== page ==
The money is largely viewed as the only

The fast paced life and major shifts in socioeconomic front witnessed in the 21st century has necessitated major re-alliances and re-alignments of what people consider important for their wellbeing and survival. Principles and philosophies that not so long ago served to preserve the social fabric have been discarded, and their place taken by the inordinate self-directed obsession of monetary and wealth accumulation that is characteristic of most people living in this generation.

While money and wealth accumulation are valid indicators of economic progress, the methodologies and strategies that are employed to gain them continues to raise more questions than answers. Today, more than ever before, people have become increasingly obsessed with their work for purposes of accumulating more wealth to an extent that family and societal values are relegated to a distant position in the hierarchy of needs perceived to be of importance. It is against this background that this paper purposes to evaluate by comparing and contrasting the various factors and issues that will assist us to understand what, between money and family values, should be of primary importance.

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It is indeed true that the dream of nearly everyone in this world is to become financially independent and happy, and money is largely viewed as the only silver conduit to financial freedom and enjoyment of life. However, it must be said that this kind of thinking is grounded on misconstrued facts and perceptions that only borders the bizarre. The foremost requirement for individuals aspiring to become financially stable and lead a happy life is to learn how to spend and save the money accrued over their lifetimes and, more importantly, how to invest the financial resources to attain stability. These valuable lessons are best internalized at the family level, and family values play a significant role in molding the principles and perceptions of how young children will utilize their resources later in life depending on what they learn from their parents and older siblings. If the parents are careless with how they spend their money, chances are that the children will internalize that in their value system and will likely become careless spenders later on. As such, family values becomes the epicenter of shaping individual behavior and actions towards the attainment of a certain good, while money assumes the position of facilitating the attainment of a certain good such as that of becoming financially independent. Establishing strong family values undoubtedly creates a foundation which permits people, especially young children, to make wise choices on their own.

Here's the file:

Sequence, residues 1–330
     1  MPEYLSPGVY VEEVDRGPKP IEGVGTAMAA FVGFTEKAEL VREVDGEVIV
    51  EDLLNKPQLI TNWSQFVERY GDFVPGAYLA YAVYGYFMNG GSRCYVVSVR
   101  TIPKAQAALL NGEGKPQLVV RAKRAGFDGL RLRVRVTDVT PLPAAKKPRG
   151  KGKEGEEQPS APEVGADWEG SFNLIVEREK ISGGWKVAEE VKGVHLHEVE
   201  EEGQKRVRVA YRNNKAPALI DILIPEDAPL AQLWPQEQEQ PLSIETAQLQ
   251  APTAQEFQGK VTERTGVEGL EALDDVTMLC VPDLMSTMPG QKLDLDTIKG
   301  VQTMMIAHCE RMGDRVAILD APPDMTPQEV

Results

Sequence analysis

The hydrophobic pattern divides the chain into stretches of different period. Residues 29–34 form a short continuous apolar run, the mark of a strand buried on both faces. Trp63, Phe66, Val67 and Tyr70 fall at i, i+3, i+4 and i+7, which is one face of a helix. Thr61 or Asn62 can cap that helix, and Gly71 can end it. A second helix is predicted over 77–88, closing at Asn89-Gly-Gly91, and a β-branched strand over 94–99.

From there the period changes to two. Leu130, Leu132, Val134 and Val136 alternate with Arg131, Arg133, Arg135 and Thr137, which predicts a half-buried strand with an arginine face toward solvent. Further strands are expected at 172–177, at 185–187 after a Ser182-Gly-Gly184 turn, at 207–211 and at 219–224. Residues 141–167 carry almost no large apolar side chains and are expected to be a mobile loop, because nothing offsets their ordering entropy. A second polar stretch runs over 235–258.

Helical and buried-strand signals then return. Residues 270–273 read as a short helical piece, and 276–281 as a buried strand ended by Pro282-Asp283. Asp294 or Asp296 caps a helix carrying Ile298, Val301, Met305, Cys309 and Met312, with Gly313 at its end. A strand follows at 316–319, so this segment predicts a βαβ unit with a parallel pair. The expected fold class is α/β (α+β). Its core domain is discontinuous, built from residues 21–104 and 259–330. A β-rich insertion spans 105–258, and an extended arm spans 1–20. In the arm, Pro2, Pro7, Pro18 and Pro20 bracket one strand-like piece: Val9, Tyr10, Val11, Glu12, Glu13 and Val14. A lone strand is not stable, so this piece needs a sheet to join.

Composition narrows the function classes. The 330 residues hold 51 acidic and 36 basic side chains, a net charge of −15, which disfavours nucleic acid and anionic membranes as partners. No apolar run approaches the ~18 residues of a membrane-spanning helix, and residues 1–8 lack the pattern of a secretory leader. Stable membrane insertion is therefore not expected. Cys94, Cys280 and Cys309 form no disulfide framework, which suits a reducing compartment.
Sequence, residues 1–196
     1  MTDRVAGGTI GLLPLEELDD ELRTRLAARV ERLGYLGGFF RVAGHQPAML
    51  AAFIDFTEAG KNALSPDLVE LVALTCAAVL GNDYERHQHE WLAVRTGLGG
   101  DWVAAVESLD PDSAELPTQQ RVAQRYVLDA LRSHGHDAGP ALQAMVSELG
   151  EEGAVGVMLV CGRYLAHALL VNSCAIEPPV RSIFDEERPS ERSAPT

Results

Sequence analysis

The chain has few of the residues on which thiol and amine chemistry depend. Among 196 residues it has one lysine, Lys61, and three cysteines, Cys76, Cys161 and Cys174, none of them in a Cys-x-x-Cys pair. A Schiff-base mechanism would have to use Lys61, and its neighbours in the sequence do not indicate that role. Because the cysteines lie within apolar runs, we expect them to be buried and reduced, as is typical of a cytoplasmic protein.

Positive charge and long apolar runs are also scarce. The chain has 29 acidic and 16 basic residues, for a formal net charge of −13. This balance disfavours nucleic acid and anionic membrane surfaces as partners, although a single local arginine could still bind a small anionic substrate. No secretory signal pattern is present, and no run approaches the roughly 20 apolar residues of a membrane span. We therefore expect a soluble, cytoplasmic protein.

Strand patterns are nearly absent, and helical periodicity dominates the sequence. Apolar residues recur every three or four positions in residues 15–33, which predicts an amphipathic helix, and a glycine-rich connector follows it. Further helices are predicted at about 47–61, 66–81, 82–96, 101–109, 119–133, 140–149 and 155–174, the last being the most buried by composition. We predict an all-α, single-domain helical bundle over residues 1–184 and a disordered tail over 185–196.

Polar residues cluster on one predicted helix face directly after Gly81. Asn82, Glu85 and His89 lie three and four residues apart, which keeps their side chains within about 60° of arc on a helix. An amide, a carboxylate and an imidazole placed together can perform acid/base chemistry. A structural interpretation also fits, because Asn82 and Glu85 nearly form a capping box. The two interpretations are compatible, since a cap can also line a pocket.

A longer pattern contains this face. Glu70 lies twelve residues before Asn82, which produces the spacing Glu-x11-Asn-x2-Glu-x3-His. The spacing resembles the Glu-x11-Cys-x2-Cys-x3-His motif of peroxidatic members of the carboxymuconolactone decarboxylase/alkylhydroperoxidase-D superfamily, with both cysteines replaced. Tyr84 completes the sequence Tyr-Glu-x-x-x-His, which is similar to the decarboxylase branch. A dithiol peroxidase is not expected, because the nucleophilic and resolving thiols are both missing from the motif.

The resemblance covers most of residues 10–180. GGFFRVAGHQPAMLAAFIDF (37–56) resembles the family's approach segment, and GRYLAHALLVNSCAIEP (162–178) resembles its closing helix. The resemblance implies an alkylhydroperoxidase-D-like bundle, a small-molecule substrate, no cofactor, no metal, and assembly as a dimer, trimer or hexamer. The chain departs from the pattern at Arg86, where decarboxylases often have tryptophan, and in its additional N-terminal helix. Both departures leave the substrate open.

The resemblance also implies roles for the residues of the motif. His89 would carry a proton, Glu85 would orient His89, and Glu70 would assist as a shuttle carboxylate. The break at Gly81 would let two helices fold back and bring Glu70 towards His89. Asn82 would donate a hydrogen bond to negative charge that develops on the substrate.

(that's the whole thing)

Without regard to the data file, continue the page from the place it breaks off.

Indeed, the values espoused at the family level not only acts as a moral guide to the members of a family, but also functions as the cornerstone of their own conscience. It is primarily the family that functions to instill such values as integrity, respect, forgiveness, self-discipline, and honesty, among others. In the absence of these values, money looses its place in making our lives more fulfilling by virtue of assisting us to meet our needs. Money, in its holistic form and nature, can neither be used to buy the values that are so fundamental to our very own existence such as self-discipline and honesty nor can it be used to buy some states of wellbeing such as happiness and health. For instance, movie celebrities are not only known for their fat wallets and fame, but also for their erratic behaviors such as drug abuse, law-breaking, and high-level divorces. On the contrary, the internalization of good family values into people’s lives allows them the opportunity to use money to enhance the attainment of states of wellbeing that guarantee happiness and health.